My husband was from a blue collar family. His mom had stayed home, and that was all he knew. I always felt sorry for her that she didn’t have more opportunities (I thought of her as a “stay at home mom” then, as a category, not really as the mom I know now). I was enlightened. I could take on the world, and the kids would fit right in!
Keith wasn’t so sure, but he held back his reservations because how can you argue against a woman working? That would be sexist.
And so it was that I started applying for Ph.D. positions in Toronto, where Keith would be doing his residency in pediatrics. I won another scholarship. I was on the right track.
Then one day I had to deliver a presentation to my Master’s class about a certain sociologist. I couldn’t understand a word this guy was talking about. It was all so vague, and airy fairy, and convuluted, but I had to present it, so I did the best I could.
At the end of the presentation everyone applauded. I got 100%. The professor said that was the best he’d ever seen; that I just made Baudrillard come to life and explained him so well.
AND I STILL HAD ABSOLUTELY NO IDEA WHAT I WAS TALKING ABOUT.
Excuse the term, but there is no other adequate substitute: I had BS’ed my way through. And everyone thought it was great.
It became clear to me that the professor didn’t know what this guy was talking about, either (even though the professor was a specialist in this particular guy). And I thought to myself: do I really want to spend my life in academia, pretending the whole time?
Five minutes after that presentation I called Keith and said, “let’s get pregnant instead.”
And so ended my academic career–and began my decision to be a stay at home mom.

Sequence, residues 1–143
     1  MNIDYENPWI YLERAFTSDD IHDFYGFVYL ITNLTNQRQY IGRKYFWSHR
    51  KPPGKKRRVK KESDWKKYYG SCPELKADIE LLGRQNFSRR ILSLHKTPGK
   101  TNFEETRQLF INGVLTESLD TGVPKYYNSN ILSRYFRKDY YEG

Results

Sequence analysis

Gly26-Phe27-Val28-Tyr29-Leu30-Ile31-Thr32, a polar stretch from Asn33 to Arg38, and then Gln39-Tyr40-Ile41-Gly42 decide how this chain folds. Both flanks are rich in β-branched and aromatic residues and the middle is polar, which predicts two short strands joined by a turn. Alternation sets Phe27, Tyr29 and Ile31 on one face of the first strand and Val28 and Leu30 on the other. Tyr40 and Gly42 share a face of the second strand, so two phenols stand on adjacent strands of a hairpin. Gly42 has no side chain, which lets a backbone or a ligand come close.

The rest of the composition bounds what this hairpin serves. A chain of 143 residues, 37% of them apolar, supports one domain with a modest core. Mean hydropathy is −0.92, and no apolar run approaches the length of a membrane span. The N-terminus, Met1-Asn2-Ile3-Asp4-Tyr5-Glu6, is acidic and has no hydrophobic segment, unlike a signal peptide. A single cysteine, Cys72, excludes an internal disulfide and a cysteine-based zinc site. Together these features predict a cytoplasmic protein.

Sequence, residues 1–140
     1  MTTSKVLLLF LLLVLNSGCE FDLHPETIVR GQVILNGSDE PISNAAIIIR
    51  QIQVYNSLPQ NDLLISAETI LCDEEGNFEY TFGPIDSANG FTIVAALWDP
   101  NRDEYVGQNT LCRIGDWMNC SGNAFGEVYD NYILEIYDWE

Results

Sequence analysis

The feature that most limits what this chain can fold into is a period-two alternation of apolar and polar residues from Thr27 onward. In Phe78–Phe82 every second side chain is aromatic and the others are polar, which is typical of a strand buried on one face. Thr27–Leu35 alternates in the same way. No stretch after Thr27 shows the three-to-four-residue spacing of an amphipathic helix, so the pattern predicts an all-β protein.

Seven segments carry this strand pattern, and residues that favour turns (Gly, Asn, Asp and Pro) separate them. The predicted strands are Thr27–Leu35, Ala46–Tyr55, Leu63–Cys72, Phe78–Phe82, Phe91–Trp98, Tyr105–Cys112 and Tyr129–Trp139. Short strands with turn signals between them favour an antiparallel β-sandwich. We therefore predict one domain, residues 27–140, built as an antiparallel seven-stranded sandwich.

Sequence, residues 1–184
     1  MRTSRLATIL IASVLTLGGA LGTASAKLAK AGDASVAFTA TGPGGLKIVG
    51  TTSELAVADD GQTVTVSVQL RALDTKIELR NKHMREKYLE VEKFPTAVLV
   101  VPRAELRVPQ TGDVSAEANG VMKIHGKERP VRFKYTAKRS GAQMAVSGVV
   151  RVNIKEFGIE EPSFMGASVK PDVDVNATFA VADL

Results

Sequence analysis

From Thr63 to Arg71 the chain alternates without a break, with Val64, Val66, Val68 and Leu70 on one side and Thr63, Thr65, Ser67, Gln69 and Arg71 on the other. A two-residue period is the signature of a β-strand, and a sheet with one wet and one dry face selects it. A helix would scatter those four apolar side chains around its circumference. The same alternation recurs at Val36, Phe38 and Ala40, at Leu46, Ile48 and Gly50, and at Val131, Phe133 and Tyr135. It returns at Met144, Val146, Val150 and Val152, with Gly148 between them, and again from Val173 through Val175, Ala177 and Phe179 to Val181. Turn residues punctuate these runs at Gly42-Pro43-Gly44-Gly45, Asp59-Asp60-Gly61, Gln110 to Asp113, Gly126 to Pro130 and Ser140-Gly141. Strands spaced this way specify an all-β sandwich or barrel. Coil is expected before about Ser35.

We did get pregnant, and we moved to Toronto. I was so sick when pregnant with Rebecca. Have you ever just prayed to throw up? I prayed that prayer straight for nine months and I never did. With Katie I could throw up like clockwork, every morning at 8:30, and felt so much better. It is way worse to not throw up than to throw up.
But in the meantime, even though I had decided to have kids and I had decided not to pursue a Ph.D., I hadn’t really decided anything else. My future was still open.
And in Toronto, I had a job working with a consultant company doing their graphic design and databases. It paid fairly well, but it was a half hour subway ride away.
After doing this for three months (during which I had become indispensable), I sat on the subway one morning, praying not to puke before I got off (at which point I would begin the prayer again that I would indeed puke), and I asked myself, “why am I doing this? Why am I going on a subway an hour a day when I feel horrible?” We didn’t really need the money. And I felt lousy.
So I quit. And was promptly hired to work from home by the same company, which I did for the next five years, off an on, just on little projects.
Then Rebecca was born, and I started going out to parks with her, and playing with her, and having a grand old time. And I realized, I don’t want to go to work. I want to stay right where I am.
Deciding to be a stay at home mom was a gradual process.
It wasn’t something I ever thought I’d do. I was following the path I was told I should follow: I was getting an education, I was working, I was making something of myself. And even though it was silly, I never questioned it until a breaking point came, and then I realized, “I don’t have to do this. No one is making me do this except for me.”